..:.. In the words of other musicians ..:..
“Sandro Russo is a musician's musician, and a pianist's pianist. There is no technical challenge too great for him, but it is his musicianship that ultimately makes the greatest impression. His interpretations reveal a unique and profound artist at work.”
- Lowell Liebermann
"I have been very grateful for Sandro Russo's interest in performing my piano music; his performances have shown great commitment, excellent attention to detail and a keen awareness of the interpretive needs of these various pieces. I hope his enjoyment of my music never ceases!"
- Marc-André Hamelin
"I have enjoyed his artistry, his dedication to high standards, commitment to style and how to produce sound and communicate the music beyond the stage. He has a striking presence and is a throwback to the grand tradition of elegant pianism and beautiful sound."
- Jeffrey Biegel
"Sandro played Liszt’s Concerto in A major brilliantly, with masterful technique and in the grand manner. He makes the piano sing and never forces the sound, even in forte. He was full up to the virtuosity of the piece and displayed a fine sense of poetry in the more lyric episodes."
- David Gilbert
..:.. Reviews ..:..
Click Here to Read Article from Pianowereld Magazine - http://sandrorussopianist.com/PianoWereld.aspx
Click Here to Read Article in the Broad Street Review - http://www.broadstreetreview.com/index.php/main/article/sandro_russos_lisztomania
Click Here for the interview in the NY Rising Star Magazine - http://sandrorussopianist.com/RisingStars.aspx
Click Here to Read Article in La Danse de Puck - Discussion on Classical Music - http://ladansedepuck.blogspot.com/search?q=sandro+russo
> Recital for the “Mostly Music Chicago,” October 2008.
…Sandro Russo served up a satisfying meal made up mostly of transcriptions. It included the world-premiere performance of Vladimir Leyetchkiss’ transcriptions of two movements from Rachmaninoff’s 2nd Suite for Two Pianos. Russo displayed all the work’s harmonic warmth in an agile and forceful performance of the Waltz and the Romance. Leyetchkiss, who was in the audience, was very delighted with Russo’s handling of the piece….His serenity and confidence made for a reading of the Feinberg Largo from the Bach Trio Sonata for Organ no. 5 that was both collected and affectionate….But Russo’s showcase moment was Liszt’s “Reminiscences de Don Juan” based on themes from Mozart’s Don Giovanni. Russo drew out all the heart-pounding intensity and had the floor shaking.
M.L. Rantala, “Hyde Park Herald” October 8, 2008
> Recital for the “Tiro a Segno Foundation,” NYC, March 2008.
…Pianist Sandro Russo sent the crowd wild caressing and attacking the keys – in accordance with the interpretive demands – performing Chopin, Liszt, and a contemporary work by M.A. Hamelin with a passionate vehemence and perfect aplomb. Hamelin’s magnificent Etude on Rossini’s “La Danza” evoked in the audience a desire for “Tarantella.”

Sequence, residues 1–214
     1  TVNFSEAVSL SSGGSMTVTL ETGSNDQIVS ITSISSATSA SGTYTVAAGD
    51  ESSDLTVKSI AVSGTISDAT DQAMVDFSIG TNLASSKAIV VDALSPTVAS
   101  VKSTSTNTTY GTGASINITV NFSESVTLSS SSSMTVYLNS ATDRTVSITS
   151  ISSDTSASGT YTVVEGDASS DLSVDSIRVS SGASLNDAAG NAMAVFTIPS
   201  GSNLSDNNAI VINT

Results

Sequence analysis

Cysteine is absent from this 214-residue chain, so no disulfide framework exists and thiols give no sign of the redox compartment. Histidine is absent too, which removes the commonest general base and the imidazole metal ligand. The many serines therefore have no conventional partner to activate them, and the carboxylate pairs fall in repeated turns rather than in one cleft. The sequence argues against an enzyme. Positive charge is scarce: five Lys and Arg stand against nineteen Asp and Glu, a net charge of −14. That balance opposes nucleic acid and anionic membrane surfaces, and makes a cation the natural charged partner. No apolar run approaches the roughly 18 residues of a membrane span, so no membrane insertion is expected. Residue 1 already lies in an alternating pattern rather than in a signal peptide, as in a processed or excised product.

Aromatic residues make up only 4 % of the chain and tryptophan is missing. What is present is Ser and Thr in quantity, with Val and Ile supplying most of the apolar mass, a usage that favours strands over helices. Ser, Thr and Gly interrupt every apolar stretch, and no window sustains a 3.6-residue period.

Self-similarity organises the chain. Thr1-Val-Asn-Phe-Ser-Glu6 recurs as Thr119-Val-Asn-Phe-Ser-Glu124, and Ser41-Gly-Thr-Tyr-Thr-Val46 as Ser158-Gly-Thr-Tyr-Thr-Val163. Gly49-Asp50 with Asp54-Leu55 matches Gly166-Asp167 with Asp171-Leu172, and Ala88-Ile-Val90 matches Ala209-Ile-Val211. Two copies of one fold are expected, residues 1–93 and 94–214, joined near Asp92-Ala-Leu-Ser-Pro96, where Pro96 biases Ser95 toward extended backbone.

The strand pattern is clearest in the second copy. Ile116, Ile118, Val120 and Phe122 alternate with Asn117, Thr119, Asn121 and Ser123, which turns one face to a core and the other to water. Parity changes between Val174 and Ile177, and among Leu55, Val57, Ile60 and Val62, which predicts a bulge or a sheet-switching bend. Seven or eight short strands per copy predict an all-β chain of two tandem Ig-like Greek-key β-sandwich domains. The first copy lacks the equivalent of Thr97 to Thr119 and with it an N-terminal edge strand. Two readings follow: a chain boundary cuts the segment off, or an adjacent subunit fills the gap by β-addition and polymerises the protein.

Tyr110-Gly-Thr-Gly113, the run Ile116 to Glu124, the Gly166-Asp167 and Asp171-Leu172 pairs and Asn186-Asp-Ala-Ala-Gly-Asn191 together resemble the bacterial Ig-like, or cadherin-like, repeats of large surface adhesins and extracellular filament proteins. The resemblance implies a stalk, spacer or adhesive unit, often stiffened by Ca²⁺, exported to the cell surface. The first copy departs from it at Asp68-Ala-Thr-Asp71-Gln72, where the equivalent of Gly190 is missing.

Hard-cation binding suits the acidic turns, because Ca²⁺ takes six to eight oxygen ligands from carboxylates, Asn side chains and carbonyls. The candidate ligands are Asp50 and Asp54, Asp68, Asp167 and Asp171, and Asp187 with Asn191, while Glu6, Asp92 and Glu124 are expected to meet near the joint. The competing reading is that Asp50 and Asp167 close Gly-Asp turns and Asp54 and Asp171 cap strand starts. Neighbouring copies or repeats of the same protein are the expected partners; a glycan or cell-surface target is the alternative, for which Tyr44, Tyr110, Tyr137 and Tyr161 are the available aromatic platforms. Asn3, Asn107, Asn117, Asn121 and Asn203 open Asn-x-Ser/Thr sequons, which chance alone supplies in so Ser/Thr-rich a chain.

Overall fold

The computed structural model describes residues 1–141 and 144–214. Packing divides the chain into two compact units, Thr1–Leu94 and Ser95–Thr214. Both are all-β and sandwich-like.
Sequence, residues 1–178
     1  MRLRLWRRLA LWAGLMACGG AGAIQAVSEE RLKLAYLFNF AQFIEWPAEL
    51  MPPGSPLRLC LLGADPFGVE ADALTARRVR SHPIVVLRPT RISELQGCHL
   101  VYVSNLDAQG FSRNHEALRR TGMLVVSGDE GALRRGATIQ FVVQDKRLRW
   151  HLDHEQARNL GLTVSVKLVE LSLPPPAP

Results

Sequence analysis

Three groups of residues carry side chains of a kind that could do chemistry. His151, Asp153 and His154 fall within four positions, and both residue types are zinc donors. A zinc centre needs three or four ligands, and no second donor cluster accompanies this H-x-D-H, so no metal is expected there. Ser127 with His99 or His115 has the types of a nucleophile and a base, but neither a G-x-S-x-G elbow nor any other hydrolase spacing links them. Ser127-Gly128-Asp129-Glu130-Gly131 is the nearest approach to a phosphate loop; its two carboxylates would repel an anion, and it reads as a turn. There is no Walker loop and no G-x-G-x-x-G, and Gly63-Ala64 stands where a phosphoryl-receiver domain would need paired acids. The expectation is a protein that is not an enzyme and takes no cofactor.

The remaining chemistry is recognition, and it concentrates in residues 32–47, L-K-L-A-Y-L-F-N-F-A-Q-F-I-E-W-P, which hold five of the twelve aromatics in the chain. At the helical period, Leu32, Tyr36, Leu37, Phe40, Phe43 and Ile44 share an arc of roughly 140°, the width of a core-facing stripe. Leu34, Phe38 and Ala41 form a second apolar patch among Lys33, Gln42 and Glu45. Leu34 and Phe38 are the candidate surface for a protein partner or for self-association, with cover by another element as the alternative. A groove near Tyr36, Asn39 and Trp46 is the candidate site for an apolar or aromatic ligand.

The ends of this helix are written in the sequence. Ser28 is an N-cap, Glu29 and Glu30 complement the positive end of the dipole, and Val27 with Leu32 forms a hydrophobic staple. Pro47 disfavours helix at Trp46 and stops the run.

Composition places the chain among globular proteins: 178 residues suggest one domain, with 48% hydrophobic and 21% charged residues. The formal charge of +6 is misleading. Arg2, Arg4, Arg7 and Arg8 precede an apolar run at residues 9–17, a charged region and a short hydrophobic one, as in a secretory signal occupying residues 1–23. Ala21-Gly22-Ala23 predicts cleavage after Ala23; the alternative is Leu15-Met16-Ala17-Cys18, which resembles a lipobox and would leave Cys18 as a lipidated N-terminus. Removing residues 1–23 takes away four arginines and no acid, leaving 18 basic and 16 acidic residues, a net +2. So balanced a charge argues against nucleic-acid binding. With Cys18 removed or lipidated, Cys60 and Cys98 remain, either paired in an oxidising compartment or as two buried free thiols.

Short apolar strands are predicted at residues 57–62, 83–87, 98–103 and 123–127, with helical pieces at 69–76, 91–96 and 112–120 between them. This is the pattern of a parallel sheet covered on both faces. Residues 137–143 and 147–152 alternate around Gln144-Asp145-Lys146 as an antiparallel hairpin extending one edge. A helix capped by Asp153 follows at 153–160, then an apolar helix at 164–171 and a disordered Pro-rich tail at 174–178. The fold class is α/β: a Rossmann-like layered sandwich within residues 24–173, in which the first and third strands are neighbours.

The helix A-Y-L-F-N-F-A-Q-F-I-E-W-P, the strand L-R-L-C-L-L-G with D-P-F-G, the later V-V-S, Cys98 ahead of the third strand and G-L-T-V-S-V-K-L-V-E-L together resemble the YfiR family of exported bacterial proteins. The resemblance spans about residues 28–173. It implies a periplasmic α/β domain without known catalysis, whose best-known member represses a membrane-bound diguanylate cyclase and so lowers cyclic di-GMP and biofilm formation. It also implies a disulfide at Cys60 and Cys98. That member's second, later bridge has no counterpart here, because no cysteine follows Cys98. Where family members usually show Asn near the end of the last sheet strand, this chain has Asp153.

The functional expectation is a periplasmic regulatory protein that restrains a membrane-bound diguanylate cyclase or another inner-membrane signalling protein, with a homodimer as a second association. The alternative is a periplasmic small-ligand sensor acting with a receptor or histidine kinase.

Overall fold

“America Oggi” March 15, 2008
> Recital for the “American Liszt Society,” November 2007.
…Sandro was first introduced to the ALS community at the San Francisco ALS Festival in March 2007, where he stunned everyone with his unique and ultra-virtuosic playing. His New York performance, which presented both well-known and lesser-known works, was just as incredible.
American Liszt Society Journal, Winter/Spring 2008 Issue
> Steinway Hall Recital for the “Rachmaninoff Recreated Retreat,” NYC 2007.
Sandro Russo performed Rachmaninoff’s 2ndSonata with great panache. Clothed in elegant black attire, he deferentially announced some of his own revisions in the first and third movements. The music was executed with great polish and confidence. From my personal perspective, Mr Russo sound world incorporated a mix of lush Chopinesque subtlety, Lisztian command, and Mozartian elegance.
Charles Frederick Frantz, Ph.D (http://www.rachmaninoff.org/news/news.html)
> Amsterdam Recital at the International Rachmaninoff Conference, 2006.
After dinner came Sandro Russo. I could give a few facts about this phenomenon: a pianist of about my age, born in Italy and based in New York. I could also tell you what an elegant figure he cuts on stage, and how the music seems to possess him utterly as he plays, so that it ends up written on his face, on his every gesture. But as for the sound, the passion, the daring, well, that’s harder to convey in mere words. He began with a solo group of three works, each more concentrated than the last. His performances of the Grieg Ballade and Rachmaninoff’s Etude-tableau Op. 39 No. 5 were utterly ravishing and at times shockingly intense. But his transcendental account of Taneyev’s Prelude and Fugue simply left nothing to be said. It was unreal; you just had to be there.
Bahman Barekat, The Rachmaninoff Society Newsletter, June 2006
> Recital at Teatro Ghione in Rome, Italy.
An unusually interesting programme, and played with remarkable artistry.
An extraordinary sense of colour combined with a real technique, in the sense that he could transmit the most varied sounds as his great sense of intelligent musicality demanded.
I am sure this is just the start of a long and very interesting career and we look forward to hearing more from this very out of the ordinary artist.